Biohackers want to make their bodies and brains function better by “hacking” their biology. The BBC’s Victoria Derbyshire programme meets the people who are inserting technology under their skin, adopting extreme diets and trying to change their DNA.
Liviu Babitz wants to create new human senses. Touch his chest and you feel his first effort, a vibration every time he faces north. If some animals can already sense direction, why shouldn’t we?
He can feel north because of an electronic implant on his chest called the “North Sense”. It includes a compass chip, Bluetooth connection and is attached to the skin with two titanium bars like a piercing.
Liviu, 38, is the chief executive of his own company, Cyborgnest, which designed the implant. He sees this as the first step in an entirely in-built navigation system and hopes to end what he calls “generation screen”.
“You walk on the street staring at your phone. You want to get somewhere but you have no idea what’s happened in the world around you because all you did was stare at the screen on the way,” he says.
“Imagine if you didn’t need it, you could navigate the world exactly like a bird and you would know exactly where you were all the time – blind people could navigate.”
His invention is highly unusual but actually seems tame in comparison with Rich Lee, a 40-year-old cabinet-maker from St George, in the US state of Utah.
Rich is a grinder – a biohacker that does extreme body modification. In his fingers, he has magnets and two near-field communication (NFC) chips that can be programmed to link to websites or open car doors, among other tasks.
He has a biotherm chip in his forearm, which can constantly monitor body temperature (but are usually used in pets), and headphone implants right in his ears.
Watch Catrin’s full film here.
He has also attempted “Crispr” – probably the most extreme and controversial kind of biohacking, a technique used by scientists to target and edit your genes.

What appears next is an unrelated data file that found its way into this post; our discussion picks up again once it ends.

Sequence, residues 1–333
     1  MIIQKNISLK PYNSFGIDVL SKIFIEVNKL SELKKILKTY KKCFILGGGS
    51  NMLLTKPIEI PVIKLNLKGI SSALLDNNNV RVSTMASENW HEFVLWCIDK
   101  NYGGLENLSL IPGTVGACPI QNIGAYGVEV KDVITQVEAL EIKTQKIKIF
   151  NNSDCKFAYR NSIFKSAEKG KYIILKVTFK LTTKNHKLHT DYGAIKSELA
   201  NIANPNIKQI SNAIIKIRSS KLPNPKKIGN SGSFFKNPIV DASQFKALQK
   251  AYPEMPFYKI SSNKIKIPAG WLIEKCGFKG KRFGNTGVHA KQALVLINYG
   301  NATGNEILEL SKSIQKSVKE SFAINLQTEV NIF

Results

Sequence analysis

While scientists are still working out the limits and dangers, Rich is experimenting at home and admits if he gets it wrong, he could kill himself.
“We’ve got all this genetic engineering knowledge and what I’m backing is the concept of being able to change your genes or get genetic modification like you would get a tattoo,” he says.
“I want to see a biologically fluid society where people can just augment these things.”
This home biohacking can of course go very badly wrong – Rich pulls up his trouser legs to reveal a selection of scars from implanted shin guards that got so swollen they had to be removed, which he did with pliers and no painkillers.
Luke Robert Mason, director of the Virtual Futures organisation, says there is a great deal of excitement around biohacking but “we are a long way from radically altering the human body in the sorts of ways they evangelise”.
“What we see today are the first steps by a brave group of pioneers. Today’s reality is a lot more experimental (and painful) than is often communicated to the public.
“There is a lot that can be learned from the outcome of their self-experimentation. Some have even argued that biohackers might increasingly be responsible in helping the advancement of wearables and wellness technologies.”
There are biohackers working with far less extreme – though still very experimental – methods.
Corina Ingram-Noehr, 33, an American events organiser living in Berlin, has a daily ritual involving technology, diet and more than 20 different vitamin supplements to try to keep in peak physical condition.
Next to a cupboard that resembles a chemist’s shop, she also has a Power Plate, which vibrates from 30 to 50 times a second to make her exercise more effective. And while vibrating, she uses an infrared light in an attempt to build collagen in her skin.
Corina can also be found walking the freezing cold streets of Berlin with bare legs. She calls this her cheap biohack version of cryotherapy – or cold therapy – and admits the “cops on her street” think it is hilarious.
She discovered biohacking when recovering from a serious concussion that left struggling to speak. Her boss recommended trying medium chain triglycerides (MCT) oil, which helped her “head turn on” and acted as something of a gateway drug for biohacking.
“It opened the floodgates and I was like, ‘If this works, this one little thing works so well – like, what else can I do?’
“Biohacking for me is taking control of your own biology. It’s taking shortcuts to get to a place that you want to be – so shortcutting your health. That’s kind of how I think of it at least.”
Biohackers want to make their bodies and brains function better by “hacking” their biology. The BBC’s Victoria Derbyshire programme meets the people who are inserting technology under their skin, adopting extreme diets and trying to change their DNA. Liviu Babitz wants to create new human senses.